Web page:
As I mentioned in my previous post, a good contingent of the Biofortified gang is here at the 2011 Maize Genetics Conference in St. Charles, Illinois. This 3-4 day event is the 53rd conference in its long history. After I walked out of the NCCC-167 meeting to pick up my name tag and conference book for MGC, Anastasia had just arrived and we started chatting about many of the things that have been going on with the blog, and in the world. We put up our posters (Anastasia has a research poster and one for MaizeResearch.org, and I brought our latest blog poster) and had dinner. That’s when the first awesome thing happened.
When we sat down at a table with our food, a guy named Carl sat down across from us. He took a look at our name tags and told us he knows – and likes – our blog. First name-recognition from the blog! We talked with him and the other members of the ad-hoc table party about what we all do, and interesting issues in genetic engineering. We learned a little about GE crop regulations and how bizarringly strict they can be sometimes.
For instance, many regulations require that every base pair in the plasmid you use to transform a GE crop be accounted for. The sequence is the easy part, however often times these circular pieces of DNA that genetic engineers use to insert a gene into a plant have been cobbled together from parts from various species to make the mature vector with all its useful parts. This is how exact it must be – you have to be able to say where every base in the plasmid came from. For every A, C, T, G, however inconsequential they may be – you have to say where it came from. If you inserted a restriction enzyme site (makes a place to cut the DNA) with PCR or some other tool, you have to list that. Any single letter unexplained, though it may be far from a gene and thus very unlikely to affect anything, could be cause for rejection. Consider that not everything in this plasmid even gets incorporated into your plant – it seems that explaining the presence of one Thymine in a string of letters that doesn’t even get into the plant is pretty weird. Are these the things that matter most, really?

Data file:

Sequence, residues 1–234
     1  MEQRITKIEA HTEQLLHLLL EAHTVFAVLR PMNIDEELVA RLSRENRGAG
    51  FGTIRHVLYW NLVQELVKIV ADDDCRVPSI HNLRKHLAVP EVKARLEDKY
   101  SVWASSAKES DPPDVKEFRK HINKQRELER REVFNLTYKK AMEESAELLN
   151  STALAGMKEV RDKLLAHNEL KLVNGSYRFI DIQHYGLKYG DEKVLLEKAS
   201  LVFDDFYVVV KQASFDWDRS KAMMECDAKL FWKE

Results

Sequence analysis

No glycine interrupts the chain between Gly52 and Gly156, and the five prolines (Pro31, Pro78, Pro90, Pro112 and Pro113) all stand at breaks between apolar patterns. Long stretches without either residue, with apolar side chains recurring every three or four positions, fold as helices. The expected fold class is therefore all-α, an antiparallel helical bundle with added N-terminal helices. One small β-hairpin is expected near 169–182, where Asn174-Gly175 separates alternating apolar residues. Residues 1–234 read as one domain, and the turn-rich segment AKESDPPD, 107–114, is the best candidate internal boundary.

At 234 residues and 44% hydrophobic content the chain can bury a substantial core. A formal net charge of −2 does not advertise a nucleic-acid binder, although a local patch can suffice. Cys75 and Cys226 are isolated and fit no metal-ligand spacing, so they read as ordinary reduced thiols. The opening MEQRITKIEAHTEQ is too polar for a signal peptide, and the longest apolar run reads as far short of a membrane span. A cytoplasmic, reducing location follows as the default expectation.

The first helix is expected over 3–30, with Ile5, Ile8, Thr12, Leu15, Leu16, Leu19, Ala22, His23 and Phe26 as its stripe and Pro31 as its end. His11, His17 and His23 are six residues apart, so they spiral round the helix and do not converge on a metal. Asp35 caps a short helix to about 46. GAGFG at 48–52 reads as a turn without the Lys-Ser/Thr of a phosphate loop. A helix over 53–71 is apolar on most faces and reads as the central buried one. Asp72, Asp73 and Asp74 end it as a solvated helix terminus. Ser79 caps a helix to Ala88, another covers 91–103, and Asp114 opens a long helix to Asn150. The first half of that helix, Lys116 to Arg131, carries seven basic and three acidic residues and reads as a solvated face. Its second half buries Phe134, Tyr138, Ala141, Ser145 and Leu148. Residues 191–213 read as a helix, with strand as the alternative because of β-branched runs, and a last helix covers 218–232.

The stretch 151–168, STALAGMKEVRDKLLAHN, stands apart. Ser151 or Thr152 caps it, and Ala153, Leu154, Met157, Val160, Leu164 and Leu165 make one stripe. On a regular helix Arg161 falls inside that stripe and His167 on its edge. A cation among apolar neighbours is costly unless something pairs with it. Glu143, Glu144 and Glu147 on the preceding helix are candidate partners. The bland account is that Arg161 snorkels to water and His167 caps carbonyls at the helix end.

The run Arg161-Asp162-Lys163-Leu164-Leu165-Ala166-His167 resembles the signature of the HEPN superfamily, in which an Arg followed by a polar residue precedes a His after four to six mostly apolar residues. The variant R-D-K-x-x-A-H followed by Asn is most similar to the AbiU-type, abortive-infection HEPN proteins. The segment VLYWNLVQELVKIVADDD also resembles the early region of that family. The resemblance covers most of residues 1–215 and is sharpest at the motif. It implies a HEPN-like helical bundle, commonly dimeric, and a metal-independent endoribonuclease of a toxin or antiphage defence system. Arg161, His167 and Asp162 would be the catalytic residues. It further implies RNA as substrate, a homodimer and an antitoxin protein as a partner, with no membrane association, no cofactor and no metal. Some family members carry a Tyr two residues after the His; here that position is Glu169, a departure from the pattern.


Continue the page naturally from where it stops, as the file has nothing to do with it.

We also learned something about some of the tests required to verify aspects of GE crops for approval, such as making sure that you know where the transgene is integrated into the plant genome. Originally, an experiment called a Southern Blot was used to confirm where the gene went. Southern blots are useful for checking the length of a region of DNA in any specific place you want in the genome. If you made a blot that was specific for the place your gene popped into, you would see a size difference in your piece of DNA. It would show the original region plus the length of the DNA you inserted. Today, however, we have much more advanced tools that can be used to sequence every base pair in and around your transgene, giving far more information than the Southern Blot. But the blot is still required, and may be for a long time. It would be like having to learn a stick shift vehicle to get your license when every car is an automatic – this also doesn’t make sense. Regulations such as these are a mix of science and politics, and what worries me is that any attempt to change things, such as removing the southern blot requirement, would immediately be framed as “weakening” the regulations. Interesting discussion. It would be great to get a guest post from someone who has more experience with these regulations to help us all find out more about the scientific and bureaucratic details involved.